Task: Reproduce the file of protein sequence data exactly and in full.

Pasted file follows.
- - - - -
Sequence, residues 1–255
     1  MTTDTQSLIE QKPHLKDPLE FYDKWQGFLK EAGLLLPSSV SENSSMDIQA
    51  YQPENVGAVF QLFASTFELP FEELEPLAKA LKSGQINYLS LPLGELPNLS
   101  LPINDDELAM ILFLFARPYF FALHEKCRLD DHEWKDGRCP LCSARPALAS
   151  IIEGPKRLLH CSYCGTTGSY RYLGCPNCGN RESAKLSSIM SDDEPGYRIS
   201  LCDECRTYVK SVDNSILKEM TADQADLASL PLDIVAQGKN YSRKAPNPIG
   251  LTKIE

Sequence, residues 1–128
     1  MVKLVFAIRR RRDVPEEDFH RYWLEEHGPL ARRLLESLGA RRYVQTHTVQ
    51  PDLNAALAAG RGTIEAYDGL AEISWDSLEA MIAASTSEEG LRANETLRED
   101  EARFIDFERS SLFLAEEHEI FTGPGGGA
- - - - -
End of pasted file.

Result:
Sequence, residues 1–255
     1  MTTDTQSLIE QKPHLKDPLE FYDKWQGFLK EAGLLLPSSV SENSSMDIQA
    51  YQPENVGAVF QLFASTFELP FEELEPLAKA LKSGQINYLS LPLGELPNLS
   101  LPINDDELAM ILFLFARPYF FALHEKCRLD DHEWKDGRCP LCSARPALAS
   151  IIEGPKRLLH CSYCGTTGSY RYLGCPNCGN RESAKLSSIM SDDEPGYRIS
   201  LCDECRTYVK SVDNSILKEM TADQADLASL PLDIVAQGKN YSRKAPNPIG
   251  LTKIE

Sequence, residues 1–128
     1  MVKLVFAIRR RRDVPEEDFH RYWLEEHGPL ARRLLESLGA RRYVQTHTVQ
    51  PDLNAALAAG RGTIEAYDGL AEISWDSLEA MIAASTSEEG LRANETLRED
   101  EARFIDFERS SLFLAEEHEI FTGPGGGA